Seventeen-year old Fyn is another of the Kingsons. He grew up in the Abbey of the monks of Halcyon, the God that represents Spring, Summer, Earth, Growth,… He was obliged to join the Abbey or be expelled because at a young age they found out that he had Affinity. Affinity is the magic of this world, it’s very subtle and kind of vague. People with Affinity have premonitions, can make certain predictions about the future, can ease people’s pain and feel the magic in the land and in the magical beasts that roam it. Fyn is a smart kid, not keen on fighting, though his family expects him to become the new Weapons Master now that he’s going through the rituals to become a real monk after his years as an acolyte. Life at the Abbey isn’t easy for Fyn, he’s bullied and even some of the Masters are turning against him. Luckily he’s got his wits about him and he’s ready to use them to save himself and his friends. Fyn was one of my favourite characters, because of his huge heart and the way he grew so much during the book. The Fyn we meet at the beginning of the book is very different from the Fyn at the end.
Then there’s Piro, at tirtheen the youngest and the only daughter. She’s cunning, smart and beautiful, but also full of life and mischief. She’s not one to follow rules and sit still like a good Kingsdaughter should do. She has a quick mind and luckily so, because she’s got a lot of obstacles to overcome during the book. Piro won my heart almost immediately, she’s such a brave girl and she’s smart enough to see the truth almost right away.
The story really starts when Illien Cobalt arrives in Rolenhold claiming that his father and bride were murdered by Utland warriors, savages, who stole all the jewels he was coming to gift his father to reconcile after a yearlong feud. Illien is the son of King Byren the Fourth’s bastard, Spurnan. Had Spurnan been legitimate, he would have been king instead of Rolen. Illien has a lot of charisma and hits it off with Lence almost right away. And the closer Lence and Illien get, the further Byren and Lence grow apart.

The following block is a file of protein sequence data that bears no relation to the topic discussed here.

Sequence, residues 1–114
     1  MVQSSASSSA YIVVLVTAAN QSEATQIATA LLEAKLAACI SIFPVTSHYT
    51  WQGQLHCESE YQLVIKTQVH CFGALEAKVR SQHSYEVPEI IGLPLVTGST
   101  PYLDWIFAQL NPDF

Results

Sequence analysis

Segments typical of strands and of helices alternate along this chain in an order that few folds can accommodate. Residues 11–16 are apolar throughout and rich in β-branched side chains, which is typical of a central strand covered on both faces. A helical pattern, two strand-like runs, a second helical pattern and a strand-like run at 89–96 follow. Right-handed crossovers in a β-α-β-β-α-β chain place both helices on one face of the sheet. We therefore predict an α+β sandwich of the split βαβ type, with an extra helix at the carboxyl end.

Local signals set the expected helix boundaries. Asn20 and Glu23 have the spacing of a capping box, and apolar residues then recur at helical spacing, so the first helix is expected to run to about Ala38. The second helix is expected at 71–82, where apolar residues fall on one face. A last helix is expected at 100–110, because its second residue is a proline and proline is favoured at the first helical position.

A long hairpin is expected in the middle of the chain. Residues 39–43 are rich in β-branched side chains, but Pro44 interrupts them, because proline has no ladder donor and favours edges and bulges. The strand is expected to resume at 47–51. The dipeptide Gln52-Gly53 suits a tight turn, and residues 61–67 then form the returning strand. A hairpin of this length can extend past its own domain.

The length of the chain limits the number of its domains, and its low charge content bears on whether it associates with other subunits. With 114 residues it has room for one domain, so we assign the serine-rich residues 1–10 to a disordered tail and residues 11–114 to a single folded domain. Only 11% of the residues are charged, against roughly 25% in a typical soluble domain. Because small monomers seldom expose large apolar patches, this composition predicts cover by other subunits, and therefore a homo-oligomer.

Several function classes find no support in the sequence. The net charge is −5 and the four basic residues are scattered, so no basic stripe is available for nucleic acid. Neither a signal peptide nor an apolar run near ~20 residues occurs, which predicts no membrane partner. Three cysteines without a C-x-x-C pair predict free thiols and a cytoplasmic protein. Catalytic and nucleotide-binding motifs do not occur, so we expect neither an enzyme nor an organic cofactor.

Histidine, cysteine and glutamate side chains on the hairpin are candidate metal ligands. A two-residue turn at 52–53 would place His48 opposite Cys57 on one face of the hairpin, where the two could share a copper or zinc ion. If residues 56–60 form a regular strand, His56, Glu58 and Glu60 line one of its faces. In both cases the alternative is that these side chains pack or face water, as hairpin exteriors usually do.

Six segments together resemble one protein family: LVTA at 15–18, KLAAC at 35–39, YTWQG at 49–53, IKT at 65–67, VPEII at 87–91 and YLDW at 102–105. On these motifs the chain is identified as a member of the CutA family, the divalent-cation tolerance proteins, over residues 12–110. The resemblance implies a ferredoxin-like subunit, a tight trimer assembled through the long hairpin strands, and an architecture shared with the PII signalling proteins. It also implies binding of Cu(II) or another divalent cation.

‘The King’s Bastard’ is full of hidden truths, cunning deceit and political intrigue. A story right up my alley. I got sucked into the world of King Rolen and Rolencia, with its mighty and imaginative Affinity beasts, its wintery landscape and the threat of war heavy in the air. It has enough action, magic, twists and revelations to keep any reader satisfied. Daniells writing is very good and succeeds in pulling you in almost right away. She also successfully incorporated a LGBT theme, that reflects our current society somewhat, though it is worse in Rolencia. It was interesting to see how different people reacted to the revelation of one of the characters that he is “a lover of men” and how much those reactions differ.
As a conclusion I can only say that I enjoyed ‘The King’s Bastard’ immensely and that I dug into ‘The Uncrowned King’, the second book, right away after finishing the first one. This is an Epic Fantasy tale that every fan should read in my opinion and it has solidly earned its spot on my top shelf.
Posted on March 10, 2014, in Rowena Cory Daniells and tagged Byren, Fyn, King Rolen, King Rolen's Kin, Lence, Piro, Queen Myrella, Rolencia, Rowena Cory Daniells, Solaris, The King's Bastard. Bookmark the permalink. 4 Comments.